I found the sets of Bryan McAdams to be some of the most elegant I have seen at the Playhouse.  There was both a simpleness and a richness to his scenery as the show slid from Fogg’s opulent home, to the steamers the characters sailed on, to the various locales they visited. Likewise, Jim Othuse’s lighting matched the locales and moods of the plays perfectly.  From the sinful red of an opium den to the swirling blues and lightning of a mighty typhoon, Othuse never missed a beat.  John Gibilisco’s sound was always on target and Georgiann Regan’s costumes were top notch from the finely tailored suits of Fogg and Passepartout to the numerous character outfits utilized by Beck and Eich to the elegant dresses of Aouda.

At the end, I think the play provides a night of lighthearted distraction.  Brown’s desire to do a nearly ad verbatim version of the novel keeps the play from being all it could be, but solid direction and talented actors help pick up the slack.

Around the World in 80 Days plays at the Omaha Community Playhouse through Feb 12.  Performances are Wed-Sat at 7:30pm and Sundays at 2pm.  Tickets cost $36 for adults and $22 for student ($28 and $18 on Wednesdays).  For tickets, call 402-553-0800 or visit www.omahaplayhouse.com or www.ticketomaha.com.  The Omaha Community Playhouse is located at 6915 Dodge Street in Omaha, NE.

‘Cotton Patch Gospel’ to Play at Hoogland Center for the Arts

What:  Cotton Patch Gospel by Tom Key and Russell Treyz with music & lyrics by Harry Chapin

Where:  Hoogland Center for the Arts (420 S 6th St, Springfield, IL)

When:  March 3-12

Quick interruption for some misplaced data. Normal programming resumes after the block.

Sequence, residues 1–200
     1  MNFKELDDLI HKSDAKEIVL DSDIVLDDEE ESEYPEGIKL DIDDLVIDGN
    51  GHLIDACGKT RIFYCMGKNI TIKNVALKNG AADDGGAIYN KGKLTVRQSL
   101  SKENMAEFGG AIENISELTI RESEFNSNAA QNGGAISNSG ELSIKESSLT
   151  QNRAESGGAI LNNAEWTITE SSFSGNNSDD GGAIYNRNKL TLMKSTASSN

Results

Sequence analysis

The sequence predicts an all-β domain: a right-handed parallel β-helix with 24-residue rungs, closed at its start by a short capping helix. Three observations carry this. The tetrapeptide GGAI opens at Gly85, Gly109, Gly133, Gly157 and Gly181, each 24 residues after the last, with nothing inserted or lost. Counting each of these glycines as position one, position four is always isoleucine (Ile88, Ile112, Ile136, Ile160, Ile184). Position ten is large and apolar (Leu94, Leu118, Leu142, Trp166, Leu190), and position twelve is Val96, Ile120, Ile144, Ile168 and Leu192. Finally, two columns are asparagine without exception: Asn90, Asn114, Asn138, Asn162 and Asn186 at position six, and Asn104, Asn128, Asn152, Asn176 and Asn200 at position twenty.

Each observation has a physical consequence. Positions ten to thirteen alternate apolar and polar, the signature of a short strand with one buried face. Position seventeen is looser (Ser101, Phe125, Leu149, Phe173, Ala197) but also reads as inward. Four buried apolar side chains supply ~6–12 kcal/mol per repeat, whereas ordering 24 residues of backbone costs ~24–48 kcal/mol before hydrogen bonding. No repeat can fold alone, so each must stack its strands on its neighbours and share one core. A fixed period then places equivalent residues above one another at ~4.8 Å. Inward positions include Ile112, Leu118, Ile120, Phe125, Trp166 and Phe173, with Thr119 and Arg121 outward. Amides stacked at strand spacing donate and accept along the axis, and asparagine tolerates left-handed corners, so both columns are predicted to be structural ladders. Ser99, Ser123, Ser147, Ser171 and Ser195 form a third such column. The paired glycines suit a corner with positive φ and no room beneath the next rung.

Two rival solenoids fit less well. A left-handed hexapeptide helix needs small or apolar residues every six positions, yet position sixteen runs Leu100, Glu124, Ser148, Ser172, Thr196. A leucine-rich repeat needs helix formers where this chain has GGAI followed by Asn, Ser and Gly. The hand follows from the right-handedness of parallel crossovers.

This “Greatest Story Ever Retold” is based on the book The Cotton Patch Version of Matthew and John by Clarence Jordan in which the Gospel is presented in a setting of rural Georgia with country music songs. The music is the final, and perhaps best, work of Harry Chapin.

As this Gospel begins, they sing that “Somethin’s a-brewin’ in Gainesville.” Herod is the mayor of Atlanta and, inevitably, Christ is lynched by local thugs only to rise again.

Drama critics loved this show and so did a broad spectrum of religious commentators:

“Entertaining and inspiring, it will lift your spirits and renew your hope.” —The Long Island Catholic

“Rollicking, foot-stomping, hand-clapping new musical!” —The Messenger

The Hoogland’s production will be directed by the popular local director and playwright, Ken Bradbury. Ken directed a very successful production of the show years ago in Jacksonville, and to this day it is the show he is most often asked to stage again. We are thrilled that he has agreed to present the show at the Hoogland!

The stellar cast features Greg Floyd as Jesus, Nathan Carls as Matthew, Ken Bradbury on accordion, Mark Mathewson on guitar and other strings, Carrie Carls on vocals and autoharp, Barry Cloyd on banjo, dobro and other strings, Steve Vincent on fiddle and other strings and Rob Killiam on bass.

Tickets are $18 for adults, and $16 for seniors and students.  Showtimes are Fridays and Saturdays at 8pm and Sundays at 2pm.  For tickets contact the Hoogland Center for the Arts at 217-523-2787 or visit their website at www.hcfta.org.

Cotton Patch Gospel is being sponsored by Concordia Village:http://lssliving.org/communities/concordia-village

Open Auditions at Barn Players

Audition dates set for the Barn production of RUMORS!


by Neil Simon
Directed by Bill Pelletier